Well-known Pakistani reporter narrowly escapes kidnap attempt

Reporters Without Borders (RSF) calls on the Pakistani authorities to do whatever is necessary to guarantee the safety of Taha Siddiqui, a well-known and courageous freelance journalist who narrowly escaped a kidnap attempt this morning in the capital, Islamabad.

Taha Siddiqui was on his way to the airport when, at around 8:20 a.m., a vehicle swerved in front of his taxi and forced it to stop. Ten or twelve gunmen got out of this and another vehicle, pointed a Kalashnikov at the taxi driver and pulled Siddiqui from the taxi. They then threw him to the ground, beat him and threatened to shoot him if he continued to resist.

Siddiqui nonetheless managed to get away by running across the expressway and flagging down another taxi in which he rode for a few kilometres and then sought refuge in a police station.

“This kidnap attempt is extremely worrying in a country where the lack of security for journalists and impunity for crimes of violence against them is a structural problem,” said Daniel Bastard, the head of RSF’s Asia-Pacific desk.

“Although Siddiqui has been harassed and threatened for months, he is a courageous journalist whose investigative reporting has never hesitated to implicate the military when appropriate, although criticizing the armed forces is very dangerous for journalists in Pakistan. We urge the authorities to make every effort to guarantee his safety.”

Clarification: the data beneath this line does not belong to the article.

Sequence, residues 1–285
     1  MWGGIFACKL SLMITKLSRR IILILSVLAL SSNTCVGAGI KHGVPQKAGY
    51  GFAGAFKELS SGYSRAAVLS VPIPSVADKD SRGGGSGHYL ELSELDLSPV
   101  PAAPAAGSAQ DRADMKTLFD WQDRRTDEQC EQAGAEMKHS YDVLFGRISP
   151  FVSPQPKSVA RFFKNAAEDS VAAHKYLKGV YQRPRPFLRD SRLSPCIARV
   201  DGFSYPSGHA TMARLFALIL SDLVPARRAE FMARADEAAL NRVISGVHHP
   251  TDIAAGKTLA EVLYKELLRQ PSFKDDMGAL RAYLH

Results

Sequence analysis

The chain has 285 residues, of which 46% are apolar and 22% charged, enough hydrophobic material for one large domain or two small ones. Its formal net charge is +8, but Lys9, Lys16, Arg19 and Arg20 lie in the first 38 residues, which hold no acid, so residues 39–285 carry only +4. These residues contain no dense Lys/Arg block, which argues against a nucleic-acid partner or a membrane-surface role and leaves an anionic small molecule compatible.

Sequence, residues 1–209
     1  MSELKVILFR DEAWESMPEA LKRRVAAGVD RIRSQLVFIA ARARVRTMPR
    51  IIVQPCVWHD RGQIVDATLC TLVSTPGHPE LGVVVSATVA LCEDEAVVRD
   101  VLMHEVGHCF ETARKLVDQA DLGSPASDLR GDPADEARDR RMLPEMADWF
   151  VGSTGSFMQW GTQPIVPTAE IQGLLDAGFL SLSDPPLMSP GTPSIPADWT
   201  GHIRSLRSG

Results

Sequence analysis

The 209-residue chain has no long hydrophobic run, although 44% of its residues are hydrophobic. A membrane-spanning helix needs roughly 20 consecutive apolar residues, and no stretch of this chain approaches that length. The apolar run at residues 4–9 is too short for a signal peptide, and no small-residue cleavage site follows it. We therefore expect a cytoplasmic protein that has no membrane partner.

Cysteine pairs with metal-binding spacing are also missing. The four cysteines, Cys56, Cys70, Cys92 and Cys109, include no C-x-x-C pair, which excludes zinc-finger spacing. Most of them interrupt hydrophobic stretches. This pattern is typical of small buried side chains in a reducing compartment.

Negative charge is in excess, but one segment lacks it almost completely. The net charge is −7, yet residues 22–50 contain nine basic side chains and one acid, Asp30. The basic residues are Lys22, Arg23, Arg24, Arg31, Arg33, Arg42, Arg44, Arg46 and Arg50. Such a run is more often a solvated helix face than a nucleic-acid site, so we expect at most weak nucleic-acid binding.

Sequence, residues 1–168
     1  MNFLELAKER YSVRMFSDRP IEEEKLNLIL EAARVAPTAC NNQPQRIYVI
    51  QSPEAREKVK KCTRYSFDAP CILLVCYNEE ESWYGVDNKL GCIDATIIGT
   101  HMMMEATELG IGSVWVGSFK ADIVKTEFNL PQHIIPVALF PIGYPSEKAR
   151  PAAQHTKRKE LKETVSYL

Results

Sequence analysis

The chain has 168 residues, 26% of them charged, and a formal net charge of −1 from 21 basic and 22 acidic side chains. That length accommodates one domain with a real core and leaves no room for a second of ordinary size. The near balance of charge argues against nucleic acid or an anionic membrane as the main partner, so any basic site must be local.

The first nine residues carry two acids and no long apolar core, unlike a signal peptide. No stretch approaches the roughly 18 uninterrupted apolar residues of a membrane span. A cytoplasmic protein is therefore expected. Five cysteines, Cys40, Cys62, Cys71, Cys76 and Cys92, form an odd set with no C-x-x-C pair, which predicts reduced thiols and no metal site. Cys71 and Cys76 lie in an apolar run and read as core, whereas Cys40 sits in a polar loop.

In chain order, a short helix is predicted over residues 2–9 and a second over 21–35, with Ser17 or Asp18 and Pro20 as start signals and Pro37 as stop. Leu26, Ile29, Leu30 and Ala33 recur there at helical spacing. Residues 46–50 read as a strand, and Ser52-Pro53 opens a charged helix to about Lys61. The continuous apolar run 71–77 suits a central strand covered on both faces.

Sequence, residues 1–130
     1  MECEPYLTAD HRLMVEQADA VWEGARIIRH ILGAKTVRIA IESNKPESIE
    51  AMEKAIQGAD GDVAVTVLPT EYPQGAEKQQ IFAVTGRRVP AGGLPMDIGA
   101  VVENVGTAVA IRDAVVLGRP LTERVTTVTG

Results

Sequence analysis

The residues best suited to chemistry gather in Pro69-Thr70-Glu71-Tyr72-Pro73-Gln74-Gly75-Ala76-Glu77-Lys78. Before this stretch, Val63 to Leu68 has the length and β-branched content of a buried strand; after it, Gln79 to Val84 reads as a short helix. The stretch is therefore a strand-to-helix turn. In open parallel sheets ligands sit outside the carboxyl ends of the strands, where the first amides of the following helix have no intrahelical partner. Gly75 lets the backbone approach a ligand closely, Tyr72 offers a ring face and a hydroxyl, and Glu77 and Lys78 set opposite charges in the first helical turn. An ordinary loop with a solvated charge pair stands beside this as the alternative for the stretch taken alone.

Last May, Siddiqui received several threatening phone calls from the Federal Investigation Agency (FIA), an interior ministry offshoot, in which he was repeatedly ordered to report to the FIA’s counter-terrorism department for questioning. Siddiqui refused to go, fearing that he might be kidnapped – a fear that today’s events show was well-founded.

A very well-known reporter, Siddiqui is the Babel Press bureau chief in Islamabad, a position that includes being the correspondent of France 24 and World Is One News (WOIN), an Indian TV channel. He also freelances for the New York Times, the Guardian and Der Spiegel, often covering stories involving terrorism, persecuted minorities and corruption.

But the army is a state within the state in Pakistan and it is often impossible for the media to cover a story properly with mentioning the military, resulting in frequent cases of intimidation of journalists.

After five citizen-journalists went missing for three weeks last January, three of them later made it clear that they had been kidnapped by members of the military, who had interrogated them and tortured them in connection with their reporting.

Pakistan is ranked 139th out of 180 countries in RSF's 2017 World Press Freedom Index.